Nearly a quarter of teens with autism thirteen and older are likely to have some form of seizures or epilepsy. It can be challenging to tell if your teen with autism is having a seizure as the symptoms of autism and seizures are very similar. To help reduce the symptoms of seizures and epilepsy, a medication management program can help your teen son or daughter reduce the risk of seizures and help reduce other symptoms of autism.
At Camp Worth, our medical staff works alongside our therapists to give your teen son or daughter a better chance at reducing the risks of seizures. Our team is familiar with the signs of autism and epilepsy and can help you recognize the signs when they occur. If you believe your teen with autism is suffering from seizures, epilepsy, or other neurological disorders, call 855.915.2545 or complete our online form today to speak with our support staff about how our treatment center can help.
The Relationship Between Autism, Seizures, and Epilepsy
Seizures occur when there is an abnormal burst of electrical signals that interrupt normal brain function. This can occur in one or multiple parts of the brain, and seizures get their name from the area of the brain where they originate. Common types of seizures associated with autism include:
- Partial or focal seizures
- Generalized tonic-clonic seizures
- Febrile seizures
If your teen with autism experiences random seizures, it may be an indication that they have epilepsy.
Epilepsy can come from a genetic disorder, head trauma, or stroke. The link between autism and seizures is not well known. Researchers are still trying to determine if autism leads to seizures, seizures lead to autism, or they coexist. Brain scans of teens with autism have shown to have similar electroencephalogram (EEG) readings to those with epilepsy.
Some of the common symptoms of epilepsy and autism include:
- Repetitive behavior
- Cognitive delay
- Impaired social interactions
- Aggressive or irritable behavior
- Staring episodes
- Stiffening of muscles
- Rhythmic shaking or twitching
- Lack of attention
Medications to Treat Autism and Seizures
If your teen with autism also is diagnosed with seizures or epilepsy, getting them on a medication management program can help ease their symptoms and allow them to lead a healthy and happy life. A medical professional will manage your teen’s medication to ensure they get the maximum effect from their dosage. As they progress and symptoms change, so will their medication.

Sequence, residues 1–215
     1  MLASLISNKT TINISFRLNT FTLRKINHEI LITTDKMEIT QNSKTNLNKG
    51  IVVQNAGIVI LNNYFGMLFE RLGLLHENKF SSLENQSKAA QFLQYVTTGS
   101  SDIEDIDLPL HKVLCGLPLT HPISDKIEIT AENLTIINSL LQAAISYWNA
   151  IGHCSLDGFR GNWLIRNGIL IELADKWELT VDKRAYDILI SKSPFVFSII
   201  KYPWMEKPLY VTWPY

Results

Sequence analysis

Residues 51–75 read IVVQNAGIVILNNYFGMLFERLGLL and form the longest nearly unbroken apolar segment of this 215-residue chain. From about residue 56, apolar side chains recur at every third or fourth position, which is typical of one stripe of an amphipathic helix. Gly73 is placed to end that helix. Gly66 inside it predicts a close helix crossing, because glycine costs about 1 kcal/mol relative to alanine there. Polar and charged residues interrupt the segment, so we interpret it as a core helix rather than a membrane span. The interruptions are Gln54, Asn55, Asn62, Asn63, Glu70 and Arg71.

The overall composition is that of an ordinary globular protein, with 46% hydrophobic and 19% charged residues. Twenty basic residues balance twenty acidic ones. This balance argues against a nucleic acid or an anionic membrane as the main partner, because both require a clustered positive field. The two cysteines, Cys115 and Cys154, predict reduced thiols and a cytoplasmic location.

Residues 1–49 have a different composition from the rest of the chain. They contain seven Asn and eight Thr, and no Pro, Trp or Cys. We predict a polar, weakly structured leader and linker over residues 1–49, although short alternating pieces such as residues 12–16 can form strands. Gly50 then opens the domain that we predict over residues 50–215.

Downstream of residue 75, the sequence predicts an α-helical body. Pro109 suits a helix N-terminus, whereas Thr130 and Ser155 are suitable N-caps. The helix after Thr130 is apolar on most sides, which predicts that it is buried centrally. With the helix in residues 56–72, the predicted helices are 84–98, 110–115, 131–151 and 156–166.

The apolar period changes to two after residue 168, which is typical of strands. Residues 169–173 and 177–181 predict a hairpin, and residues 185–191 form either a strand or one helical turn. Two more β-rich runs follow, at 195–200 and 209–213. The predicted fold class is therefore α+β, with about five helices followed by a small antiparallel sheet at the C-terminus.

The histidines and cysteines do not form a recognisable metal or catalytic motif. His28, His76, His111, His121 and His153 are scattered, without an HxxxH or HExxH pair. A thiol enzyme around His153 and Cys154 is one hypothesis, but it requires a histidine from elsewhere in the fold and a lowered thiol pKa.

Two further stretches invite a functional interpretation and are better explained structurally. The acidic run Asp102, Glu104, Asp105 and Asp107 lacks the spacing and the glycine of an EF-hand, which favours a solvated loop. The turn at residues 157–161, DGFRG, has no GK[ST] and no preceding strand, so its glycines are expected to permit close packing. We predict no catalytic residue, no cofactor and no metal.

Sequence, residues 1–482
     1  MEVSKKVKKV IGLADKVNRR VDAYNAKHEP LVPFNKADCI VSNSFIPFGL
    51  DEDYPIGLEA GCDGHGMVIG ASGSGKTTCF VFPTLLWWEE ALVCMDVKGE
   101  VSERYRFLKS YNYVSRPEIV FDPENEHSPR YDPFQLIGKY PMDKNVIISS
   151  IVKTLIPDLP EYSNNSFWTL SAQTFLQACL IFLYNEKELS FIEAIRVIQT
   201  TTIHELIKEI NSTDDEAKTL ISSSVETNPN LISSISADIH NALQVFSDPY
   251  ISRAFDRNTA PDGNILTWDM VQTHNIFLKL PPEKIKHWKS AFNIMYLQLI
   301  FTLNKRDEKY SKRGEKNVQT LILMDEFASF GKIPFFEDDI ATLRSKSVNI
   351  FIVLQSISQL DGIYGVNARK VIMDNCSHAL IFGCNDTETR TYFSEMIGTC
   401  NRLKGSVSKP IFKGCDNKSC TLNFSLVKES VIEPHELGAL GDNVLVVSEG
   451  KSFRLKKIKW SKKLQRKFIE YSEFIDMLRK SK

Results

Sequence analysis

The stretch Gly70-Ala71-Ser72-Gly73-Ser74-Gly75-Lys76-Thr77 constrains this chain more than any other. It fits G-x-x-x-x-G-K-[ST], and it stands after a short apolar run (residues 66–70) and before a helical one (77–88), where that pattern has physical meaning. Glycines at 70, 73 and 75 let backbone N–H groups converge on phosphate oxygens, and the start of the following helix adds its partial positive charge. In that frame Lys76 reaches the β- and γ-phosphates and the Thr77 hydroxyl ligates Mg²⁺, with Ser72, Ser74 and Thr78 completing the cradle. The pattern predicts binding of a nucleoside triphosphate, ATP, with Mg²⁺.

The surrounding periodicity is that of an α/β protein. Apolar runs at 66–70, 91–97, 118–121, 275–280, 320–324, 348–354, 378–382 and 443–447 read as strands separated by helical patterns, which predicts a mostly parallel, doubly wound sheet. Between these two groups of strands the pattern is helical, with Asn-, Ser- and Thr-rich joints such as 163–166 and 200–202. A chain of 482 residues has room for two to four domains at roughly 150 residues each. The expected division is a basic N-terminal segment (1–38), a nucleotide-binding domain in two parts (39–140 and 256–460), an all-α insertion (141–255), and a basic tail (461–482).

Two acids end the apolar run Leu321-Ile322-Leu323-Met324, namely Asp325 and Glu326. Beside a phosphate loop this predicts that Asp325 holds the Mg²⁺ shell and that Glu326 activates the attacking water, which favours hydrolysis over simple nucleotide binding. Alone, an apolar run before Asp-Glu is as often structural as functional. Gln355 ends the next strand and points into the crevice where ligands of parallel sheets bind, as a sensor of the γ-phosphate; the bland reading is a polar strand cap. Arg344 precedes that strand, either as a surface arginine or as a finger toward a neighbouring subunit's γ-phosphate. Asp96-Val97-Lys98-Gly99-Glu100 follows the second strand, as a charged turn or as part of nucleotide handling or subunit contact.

Since autism and seizures have similar symptoms, medications can also improve other symptoms of your teen’s autism. Some of these medications include:
- Anti-convulsants – Medications like valproate, lamotrigine, and levetiracetam have shown to be effective for treating seizures in teens with autism.
- Selective serotonin reuptake inhibitors – SSRIs treat depression in those with a chemical imbalance, which is common in ASD and epilepsy. They have shown to be very effective in treating depression in teens with autism and reduce the risk of seizures when proper dosing is administered.
- Anti-anxiety medication – Anxiety is a significant trigger for epileptic seizures. Reducing the stressful feelings that some situations can create reduces your chances of having a seizure and any negative behavior that anxiety typically creates.
Turn to Camp Worth for Effective Treatment of Autism and Epilepsy
At Camp Worth, our medication therapy program (MTM) works alongside your teen’s behavioral and educational programs to allow them to continue with their development. Our medical staff will closely monitor your teen’s symptoms and make adjustments as necessary to ensure they receive the greatest chances at reducing their seizures. We use pharmacogenomic testing to ensure the correct dosage for your teen’s individual needs.
If your teen is dealing with autism and seizures, call 855.915.2545 or complete our online form today to learn more about our medication management program and behavioral therapy programs that can benefit teens ages 11 – 17.